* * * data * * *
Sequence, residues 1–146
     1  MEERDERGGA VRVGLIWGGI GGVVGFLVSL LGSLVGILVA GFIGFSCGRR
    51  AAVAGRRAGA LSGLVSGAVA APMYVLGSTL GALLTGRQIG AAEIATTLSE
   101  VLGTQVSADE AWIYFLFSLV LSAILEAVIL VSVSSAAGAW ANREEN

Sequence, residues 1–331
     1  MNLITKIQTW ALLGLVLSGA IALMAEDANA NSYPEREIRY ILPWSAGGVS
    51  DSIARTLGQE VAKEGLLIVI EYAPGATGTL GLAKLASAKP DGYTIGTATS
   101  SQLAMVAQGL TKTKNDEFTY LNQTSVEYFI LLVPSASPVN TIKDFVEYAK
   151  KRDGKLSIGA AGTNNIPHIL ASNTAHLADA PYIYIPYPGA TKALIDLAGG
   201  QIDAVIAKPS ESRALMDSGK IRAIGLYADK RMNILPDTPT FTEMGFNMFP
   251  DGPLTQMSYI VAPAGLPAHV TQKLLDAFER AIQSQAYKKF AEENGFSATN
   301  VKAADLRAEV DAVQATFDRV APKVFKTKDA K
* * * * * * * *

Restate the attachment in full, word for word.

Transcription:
Sequence, residues 1–146
     1  MEERDERGGA VRVGLIWGGI GGVVGFLVSL LGSLVGILVA GFIGFSCGRR
    51  AAVAGRRAGA LSGLVSGAVA APMYVLGSTL GALLTGRQIG AAEIATTLSE
   101  VLGTQVSADE AWIYFLFSLV LSAILEAVIL VSVSSAAGAW ANREEN

Sequence, residues 1–331
     1  MNLITKIQTW ALLGLVLSGA IALMAEDANA NSYPEREIRY ILPWSAGGVS
    51  DSIARTLGQE VAKEGLLIVI EYAPGATGTL GLAKLASAKP DGYTIGTATS
   101  SQLAMVAQGL TKTKNDEFTY LNQTSVEYFI LLVPSASPVN TIKDFVEYAK
   151  KRDGKLSIGA AGTNNIPHIL ASNTAHLADA PYIYIPYPGA TKALIDLAGG
   201  QIDAVIAKPS ESRALMDSGK IRAIGLYADK RMNILPDTPT FTEMGFNMFP
   251  DGPLTQMSYI VAPAGLPAHV TQKLLDAFER AIQSQAYKKF AEENGFSATN
   301  VKAADLRAEV DAVQATFDRV APKVFKTKDA K